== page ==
“{Her} prime gentry heroine …is shown moving among a wide array of lesser landed, trading and professional acquaintances. But she was ‘not on visiting terms with noble families, not even with the holders of lesser titles’. Yet it was precisely this more exalted sector which commanded the majority of Parliamentary seats, places at court, positions in the Cabinet.

Pride and Prejudice (BBC version, 1995)
Available at Amazon

“It was this split in function within the landed classes that helped to nourish Christopher Wyvill’s economical reform movement in the 1770s. …Here, as on other occasions, lesser gentry combined with mercantile dissidents in a critique of the 18th-century state because, at the centre, the former were conscious of not being synonymous with the governing class.

“… this point was fully understood by Austen. She took it for granted that her contemporaries would appreciate (as late 20th-century readers sometimes do not) the extent to which Pride and Prejudice was a deliberate essay in fantasy. An Eliza Bennet, fetching daughter of a small country gentleman, niece to a Cheapside attorney, might well be invited to a one-off county ball given by a Mr Bingley with a rented house and £5000 per annum. But a Mr Darcy with an inherited landed estate of £10,000 per annum would have been most unlikely to seek her hand for a dance, much less for marriage. Indeed, real-life Darcys would scarcely have wasted their precious bachelor youth on rural Hertfordshire. London, with its indulgences, its political life and its marriage market offering more eligible future wives even than Miss Bingley, would have been the automatic draw.”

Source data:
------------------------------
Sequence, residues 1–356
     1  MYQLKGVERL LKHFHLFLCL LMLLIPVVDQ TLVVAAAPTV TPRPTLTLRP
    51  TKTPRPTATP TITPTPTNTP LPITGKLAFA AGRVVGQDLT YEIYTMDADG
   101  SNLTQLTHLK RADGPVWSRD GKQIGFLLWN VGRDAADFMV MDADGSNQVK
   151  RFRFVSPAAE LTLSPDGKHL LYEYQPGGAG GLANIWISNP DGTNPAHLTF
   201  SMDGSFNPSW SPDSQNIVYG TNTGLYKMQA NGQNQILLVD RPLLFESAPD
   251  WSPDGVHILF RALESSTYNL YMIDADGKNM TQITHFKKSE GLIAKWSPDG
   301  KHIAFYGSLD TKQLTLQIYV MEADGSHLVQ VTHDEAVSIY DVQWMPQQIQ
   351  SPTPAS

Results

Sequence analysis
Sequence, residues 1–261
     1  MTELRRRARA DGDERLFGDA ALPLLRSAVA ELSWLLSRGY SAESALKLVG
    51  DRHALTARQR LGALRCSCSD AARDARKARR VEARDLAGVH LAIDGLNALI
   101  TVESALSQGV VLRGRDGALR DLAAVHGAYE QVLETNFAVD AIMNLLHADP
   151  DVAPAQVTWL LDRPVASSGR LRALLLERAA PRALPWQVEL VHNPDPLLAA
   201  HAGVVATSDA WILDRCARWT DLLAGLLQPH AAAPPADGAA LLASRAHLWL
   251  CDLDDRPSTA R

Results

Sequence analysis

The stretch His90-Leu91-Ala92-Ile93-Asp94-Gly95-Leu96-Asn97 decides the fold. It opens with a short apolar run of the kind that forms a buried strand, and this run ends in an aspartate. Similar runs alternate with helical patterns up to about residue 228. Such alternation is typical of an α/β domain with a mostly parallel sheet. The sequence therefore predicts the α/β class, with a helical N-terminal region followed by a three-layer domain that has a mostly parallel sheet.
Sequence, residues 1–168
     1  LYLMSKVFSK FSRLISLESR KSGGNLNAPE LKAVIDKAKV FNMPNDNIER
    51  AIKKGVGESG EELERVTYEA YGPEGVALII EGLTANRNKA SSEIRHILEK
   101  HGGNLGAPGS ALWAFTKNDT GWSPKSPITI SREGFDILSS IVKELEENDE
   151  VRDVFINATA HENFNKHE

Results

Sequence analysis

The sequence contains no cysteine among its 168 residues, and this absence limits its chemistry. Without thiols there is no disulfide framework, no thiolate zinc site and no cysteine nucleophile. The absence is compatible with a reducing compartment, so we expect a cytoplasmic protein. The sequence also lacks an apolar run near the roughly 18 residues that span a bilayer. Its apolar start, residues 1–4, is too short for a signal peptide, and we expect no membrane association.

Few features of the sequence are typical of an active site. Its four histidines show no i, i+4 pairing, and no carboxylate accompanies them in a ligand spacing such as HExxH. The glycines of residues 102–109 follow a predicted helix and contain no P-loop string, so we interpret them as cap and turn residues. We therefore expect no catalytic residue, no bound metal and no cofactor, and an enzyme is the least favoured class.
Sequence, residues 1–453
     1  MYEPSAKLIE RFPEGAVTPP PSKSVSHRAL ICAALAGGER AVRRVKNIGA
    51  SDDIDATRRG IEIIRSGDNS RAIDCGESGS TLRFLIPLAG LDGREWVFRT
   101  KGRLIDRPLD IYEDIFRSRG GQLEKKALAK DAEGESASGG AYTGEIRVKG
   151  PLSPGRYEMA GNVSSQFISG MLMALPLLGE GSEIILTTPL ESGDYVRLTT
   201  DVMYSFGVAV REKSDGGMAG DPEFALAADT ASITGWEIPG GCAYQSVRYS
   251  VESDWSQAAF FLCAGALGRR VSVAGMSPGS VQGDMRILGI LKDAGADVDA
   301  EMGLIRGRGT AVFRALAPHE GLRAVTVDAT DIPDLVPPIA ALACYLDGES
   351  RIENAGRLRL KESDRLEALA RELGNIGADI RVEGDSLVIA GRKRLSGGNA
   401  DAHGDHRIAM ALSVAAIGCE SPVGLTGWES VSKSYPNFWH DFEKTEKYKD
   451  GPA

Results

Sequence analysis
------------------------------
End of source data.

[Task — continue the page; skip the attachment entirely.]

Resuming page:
The West’s social classes were broken over several generations by the combination of the industrial revolution and political reform. Unfortunately the current technological revolution appears to be reversing all that, re-concentrating wealth and power. For details see The coming big inequality. Was Marx just early? and How do we respond to the Robot Revolution?

Pride and Prejudice - the book
Available at Amazon.

(2) How rich was Mr. Darcy?

For a look at the aristocracy of Georgian England, according to “The Economics of Jane Austin“, there were 287 Peers in 1803. They had an average income of £8,000 per year. Mr. Darcy, who was not a peer, had an income of £10 thousand per year. The first census of Britain in 1801 counted a population of 10.5 million. Mr. Darcy was one of the 0.01%.